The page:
8. #8
    Ronny's Avatar
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    Re: Elements v Lightroom

    I must agree with all the earlier some very important comments. Each person uses his camera for a certain purpose and the software has to match that. Most of my work is shooting homes for Realtors. For that work I can live with E9. But I also just bought TopazLabs plugins and the stand alone photoFXlab program, which I am very happy with.

  9. #9
    davidedric's Avatar
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    Re: Elements v Lightroom

    I have had PSE9 for a while, but it contains a lot of stuff I will never use, and I really don't like the Organiser. Anyway, after asking the Lightroom / PSE question on here, I downloaded the Lightroom 4.1 trial and had a go. It took me about 48 hours to decide that this was the way to go. I now use LR for about 95% of PP work (love the non-destructive editing, for example, and the ease of making virtual copies). I just occasionally move an image across into PSE. I suspect that I will do less in PSE as I learn more about LR's capability (I think I sometimes go into PSE just because I know how to do something there, even if I suspect LR can do it, too). The fact that the PSE and LR user interfaces are quite similar definitely helps with the learning curve.

  10. #10
    kdoc856's Avatar
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    Re: Elements v Lightroom

    Hi, Peter

    I have both PSE 10 (started with PSE5- it's been hugely improved) and LR4.1. I wouldn't be without either- they are complementary, not substitutive. I use the organizer and do all initial post-processing in LR, but 10-20% of shots I pop over to PSE for layers, composites, more involved pixel manipulation, more extensive sharpening capabilities, etc. I love Lightroom and wish I had started using it earlier, but it just cant do all that PSE or CS6 can do. There are excellent video tutorials easily available for both (photoshop.com). I occasionally read about a plug-in here or there, but my search for basic processing is over. I am well, well satisfied with LR and PSE. Good luck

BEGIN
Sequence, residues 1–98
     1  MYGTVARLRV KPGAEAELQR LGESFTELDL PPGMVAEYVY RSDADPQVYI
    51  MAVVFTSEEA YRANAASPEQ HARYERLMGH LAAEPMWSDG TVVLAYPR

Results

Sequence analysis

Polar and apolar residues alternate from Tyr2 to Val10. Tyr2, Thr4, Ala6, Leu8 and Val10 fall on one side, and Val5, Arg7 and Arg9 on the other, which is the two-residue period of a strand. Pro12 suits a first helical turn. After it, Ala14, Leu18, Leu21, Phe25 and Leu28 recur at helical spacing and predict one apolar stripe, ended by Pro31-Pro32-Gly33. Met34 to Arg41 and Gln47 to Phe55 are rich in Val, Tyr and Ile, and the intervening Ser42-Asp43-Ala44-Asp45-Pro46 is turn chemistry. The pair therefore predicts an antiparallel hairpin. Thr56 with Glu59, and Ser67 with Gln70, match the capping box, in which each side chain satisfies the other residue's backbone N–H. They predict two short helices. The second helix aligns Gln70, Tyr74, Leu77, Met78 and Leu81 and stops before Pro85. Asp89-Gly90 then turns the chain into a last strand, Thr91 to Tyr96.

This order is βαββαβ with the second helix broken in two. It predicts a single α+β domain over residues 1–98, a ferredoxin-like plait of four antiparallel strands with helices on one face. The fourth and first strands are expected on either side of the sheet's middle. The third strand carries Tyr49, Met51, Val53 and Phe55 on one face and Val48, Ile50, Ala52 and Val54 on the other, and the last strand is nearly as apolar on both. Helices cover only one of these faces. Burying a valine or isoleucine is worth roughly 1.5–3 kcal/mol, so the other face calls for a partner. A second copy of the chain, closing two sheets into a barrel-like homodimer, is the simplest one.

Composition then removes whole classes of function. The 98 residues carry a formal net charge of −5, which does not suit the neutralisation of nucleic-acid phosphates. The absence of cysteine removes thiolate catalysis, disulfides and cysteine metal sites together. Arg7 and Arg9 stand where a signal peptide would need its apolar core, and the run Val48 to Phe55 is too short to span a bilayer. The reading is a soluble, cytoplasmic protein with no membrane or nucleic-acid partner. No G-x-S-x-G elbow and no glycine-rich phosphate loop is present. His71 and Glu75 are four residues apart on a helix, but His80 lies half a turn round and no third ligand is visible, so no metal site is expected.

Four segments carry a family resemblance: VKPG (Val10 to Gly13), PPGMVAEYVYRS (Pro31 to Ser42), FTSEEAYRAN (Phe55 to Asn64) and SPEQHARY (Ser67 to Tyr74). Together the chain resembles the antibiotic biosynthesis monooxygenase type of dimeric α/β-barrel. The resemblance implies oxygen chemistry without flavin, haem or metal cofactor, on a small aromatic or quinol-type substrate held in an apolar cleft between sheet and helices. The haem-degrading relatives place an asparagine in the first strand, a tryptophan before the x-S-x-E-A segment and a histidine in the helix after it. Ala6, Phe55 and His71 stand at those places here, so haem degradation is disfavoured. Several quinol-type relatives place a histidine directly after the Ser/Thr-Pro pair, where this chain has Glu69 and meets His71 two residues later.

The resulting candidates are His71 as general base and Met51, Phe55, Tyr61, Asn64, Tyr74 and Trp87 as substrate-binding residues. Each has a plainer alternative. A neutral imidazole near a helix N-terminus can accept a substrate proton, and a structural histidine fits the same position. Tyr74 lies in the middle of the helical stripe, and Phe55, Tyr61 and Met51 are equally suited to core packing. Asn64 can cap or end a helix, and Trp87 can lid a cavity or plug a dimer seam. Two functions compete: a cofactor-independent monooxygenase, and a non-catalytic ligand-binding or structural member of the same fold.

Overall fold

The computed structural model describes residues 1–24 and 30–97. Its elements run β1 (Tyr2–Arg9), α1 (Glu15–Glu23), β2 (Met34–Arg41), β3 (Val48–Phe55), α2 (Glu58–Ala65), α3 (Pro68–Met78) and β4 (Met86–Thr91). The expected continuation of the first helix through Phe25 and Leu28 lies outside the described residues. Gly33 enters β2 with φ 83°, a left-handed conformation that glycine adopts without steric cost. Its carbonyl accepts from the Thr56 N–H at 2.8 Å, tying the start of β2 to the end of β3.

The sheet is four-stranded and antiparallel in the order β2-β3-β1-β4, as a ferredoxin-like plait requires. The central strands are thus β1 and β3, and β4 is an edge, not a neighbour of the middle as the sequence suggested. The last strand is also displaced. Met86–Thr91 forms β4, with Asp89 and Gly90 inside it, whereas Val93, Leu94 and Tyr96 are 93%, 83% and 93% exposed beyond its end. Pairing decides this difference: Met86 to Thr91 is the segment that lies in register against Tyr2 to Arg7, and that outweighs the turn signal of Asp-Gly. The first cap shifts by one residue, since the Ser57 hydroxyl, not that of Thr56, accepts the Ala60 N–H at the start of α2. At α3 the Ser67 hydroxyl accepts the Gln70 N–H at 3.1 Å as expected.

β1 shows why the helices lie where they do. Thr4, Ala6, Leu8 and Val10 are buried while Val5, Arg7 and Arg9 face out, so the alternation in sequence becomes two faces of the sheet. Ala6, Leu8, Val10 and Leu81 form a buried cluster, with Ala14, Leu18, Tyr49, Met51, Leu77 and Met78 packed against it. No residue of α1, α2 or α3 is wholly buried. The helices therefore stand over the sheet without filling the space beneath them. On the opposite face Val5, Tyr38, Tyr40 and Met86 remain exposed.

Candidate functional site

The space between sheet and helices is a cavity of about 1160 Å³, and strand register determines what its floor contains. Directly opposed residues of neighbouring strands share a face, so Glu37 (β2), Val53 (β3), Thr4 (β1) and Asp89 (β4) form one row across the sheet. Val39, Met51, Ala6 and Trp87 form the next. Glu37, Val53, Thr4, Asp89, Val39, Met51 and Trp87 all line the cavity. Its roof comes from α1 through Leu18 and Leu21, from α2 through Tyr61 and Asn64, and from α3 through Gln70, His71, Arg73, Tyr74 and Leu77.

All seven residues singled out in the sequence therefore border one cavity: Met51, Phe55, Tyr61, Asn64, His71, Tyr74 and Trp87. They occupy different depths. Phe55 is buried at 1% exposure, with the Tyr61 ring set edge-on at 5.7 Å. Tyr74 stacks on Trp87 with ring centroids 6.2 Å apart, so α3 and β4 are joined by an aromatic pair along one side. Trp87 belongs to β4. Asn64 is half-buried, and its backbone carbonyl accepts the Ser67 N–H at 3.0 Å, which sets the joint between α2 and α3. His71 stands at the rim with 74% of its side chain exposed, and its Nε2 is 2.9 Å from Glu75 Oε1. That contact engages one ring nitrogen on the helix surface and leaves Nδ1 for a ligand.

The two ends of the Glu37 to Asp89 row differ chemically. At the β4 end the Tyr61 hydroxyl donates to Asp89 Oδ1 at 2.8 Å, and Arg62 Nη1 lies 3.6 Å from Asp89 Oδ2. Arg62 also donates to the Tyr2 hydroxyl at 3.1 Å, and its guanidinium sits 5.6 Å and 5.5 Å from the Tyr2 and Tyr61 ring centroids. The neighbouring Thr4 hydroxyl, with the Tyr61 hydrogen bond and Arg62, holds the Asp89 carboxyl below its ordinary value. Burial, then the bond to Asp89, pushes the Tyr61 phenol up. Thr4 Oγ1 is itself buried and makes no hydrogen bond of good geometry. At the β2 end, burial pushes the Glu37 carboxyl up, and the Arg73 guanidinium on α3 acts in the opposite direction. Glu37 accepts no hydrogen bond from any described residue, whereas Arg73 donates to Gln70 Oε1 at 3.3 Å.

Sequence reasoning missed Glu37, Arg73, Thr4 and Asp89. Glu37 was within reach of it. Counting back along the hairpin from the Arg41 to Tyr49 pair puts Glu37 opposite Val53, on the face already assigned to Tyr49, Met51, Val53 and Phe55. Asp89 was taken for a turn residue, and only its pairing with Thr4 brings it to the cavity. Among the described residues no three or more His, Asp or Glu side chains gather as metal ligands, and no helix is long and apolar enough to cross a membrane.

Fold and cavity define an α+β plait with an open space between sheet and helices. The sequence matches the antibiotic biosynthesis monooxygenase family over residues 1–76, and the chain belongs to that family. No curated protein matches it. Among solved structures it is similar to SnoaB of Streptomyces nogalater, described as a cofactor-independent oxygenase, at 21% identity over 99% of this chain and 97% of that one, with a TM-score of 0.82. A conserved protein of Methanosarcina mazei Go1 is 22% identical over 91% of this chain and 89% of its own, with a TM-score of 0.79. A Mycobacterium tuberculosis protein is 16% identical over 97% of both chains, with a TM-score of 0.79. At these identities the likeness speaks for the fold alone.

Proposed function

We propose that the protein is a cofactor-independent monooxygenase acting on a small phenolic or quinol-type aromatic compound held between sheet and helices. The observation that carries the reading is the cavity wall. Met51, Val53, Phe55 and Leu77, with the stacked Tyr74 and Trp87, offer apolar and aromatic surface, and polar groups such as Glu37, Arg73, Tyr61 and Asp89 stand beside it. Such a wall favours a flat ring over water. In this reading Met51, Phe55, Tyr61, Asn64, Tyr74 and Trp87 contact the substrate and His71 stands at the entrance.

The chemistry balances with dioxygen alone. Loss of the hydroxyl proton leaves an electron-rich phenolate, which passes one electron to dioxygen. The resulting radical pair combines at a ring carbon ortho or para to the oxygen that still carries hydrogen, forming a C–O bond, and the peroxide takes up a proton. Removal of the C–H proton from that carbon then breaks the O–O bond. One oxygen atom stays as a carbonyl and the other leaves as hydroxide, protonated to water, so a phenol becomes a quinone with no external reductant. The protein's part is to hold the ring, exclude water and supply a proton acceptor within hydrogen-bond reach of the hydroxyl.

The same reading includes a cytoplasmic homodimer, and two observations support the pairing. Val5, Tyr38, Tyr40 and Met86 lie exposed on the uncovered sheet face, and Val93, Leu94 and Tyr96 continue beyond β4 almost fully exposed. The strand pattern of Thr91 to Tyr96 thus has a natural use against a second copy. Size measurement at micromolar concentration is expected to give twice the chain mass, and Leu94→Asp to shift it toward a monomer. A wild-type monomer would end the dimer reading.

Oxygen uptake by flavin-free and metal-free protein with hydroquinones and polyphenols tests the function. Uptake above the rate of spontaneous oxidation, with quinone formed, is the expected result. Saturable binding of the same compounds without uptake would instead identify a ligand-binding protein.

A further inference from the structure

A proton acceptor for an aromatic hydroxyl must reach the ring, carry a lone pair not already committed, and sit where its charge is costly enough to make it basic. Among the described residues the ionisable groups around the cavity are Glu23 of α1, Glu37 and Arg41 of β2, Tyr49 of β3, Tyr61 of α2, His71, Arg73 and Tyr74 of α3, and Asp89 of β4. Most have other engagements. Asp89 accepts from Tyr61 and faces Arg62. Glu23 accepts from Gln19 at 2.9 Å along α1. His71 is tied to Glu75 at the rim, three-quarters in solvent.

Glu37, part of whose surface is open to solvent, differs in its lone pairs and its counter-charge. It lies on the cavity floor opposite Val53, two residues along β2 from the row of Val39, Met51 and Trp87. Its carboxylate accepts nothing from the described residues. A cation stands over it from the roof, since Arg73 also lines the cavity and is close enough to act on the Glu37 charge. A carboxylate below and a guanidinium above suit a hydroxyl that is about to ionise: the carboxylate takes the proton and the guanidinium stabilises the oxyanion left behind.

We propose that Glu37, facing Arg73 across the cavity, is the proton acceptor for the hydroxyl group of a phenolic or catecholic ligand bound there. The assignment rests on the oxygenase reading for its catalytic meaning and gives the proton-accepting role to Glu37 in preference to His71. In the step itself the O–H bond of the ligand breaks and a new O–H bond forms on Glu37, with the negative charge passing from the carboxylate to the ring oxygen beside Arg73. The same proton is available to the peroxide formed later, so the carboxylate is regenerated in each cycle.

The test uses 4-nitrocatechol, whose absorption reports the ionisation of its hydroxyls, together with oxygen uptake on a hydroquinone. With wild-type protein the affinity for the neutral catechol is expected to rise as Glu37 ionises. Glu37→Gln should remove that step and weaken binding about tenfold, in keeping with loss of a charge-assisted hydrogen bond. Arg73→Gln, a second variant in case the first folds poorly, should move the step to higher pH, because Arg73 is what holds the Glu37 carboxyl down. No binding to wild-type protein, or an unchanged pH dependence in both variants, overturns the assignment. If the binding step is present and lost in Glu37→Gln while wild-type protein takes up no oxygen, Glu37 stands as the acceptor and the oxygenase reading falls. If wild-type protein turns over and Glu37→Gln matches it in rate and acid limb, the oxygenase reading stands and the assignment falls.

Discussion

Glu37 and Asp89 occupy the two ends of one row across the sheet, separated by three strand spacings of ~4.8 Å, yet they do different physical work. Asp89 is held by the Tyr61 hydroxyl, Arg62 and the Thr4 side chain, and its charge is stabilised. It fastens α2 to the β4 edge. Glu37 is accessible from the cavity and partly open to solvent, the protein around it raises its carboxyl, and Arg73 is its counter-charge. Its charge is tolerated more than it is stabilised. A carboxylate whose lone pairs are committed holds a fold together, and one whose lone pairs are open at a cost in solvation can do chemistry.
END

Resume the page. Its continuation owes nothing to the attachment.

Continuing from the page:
Kevin

  11. #11
    Scott Stephen's Avatar
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    Re: Elements v Lightroom

    I have LR3 and also PSE 10. I bought both of them about 6 months ago (right before they released LR4). I loaded both into the computer and I started first with Lightroom. I have to admit I have not even bothered to get proficient at PSE10 because LR does everything I need it to do, plus it is totally non-destructive editing, and it really is nice for the organization function.

    Photoshop Elements does have a few things I do intend to get into using (heck, I did pay for it!), like detailed masking, but it would be a pain in the butt to have 10 different saved copies of the same photo, and editing on that level is just much more tedious than I care to get for 99% of my shooting. A lot of photoshop seems to be so extreme that it is more like "tricks" or "special effects", like adding people into photos that were not there, making someone's face look skinnier (or look like Gollum), or putting a bananna peel on an orange, etc... and I just would not ever need to do much of that very often.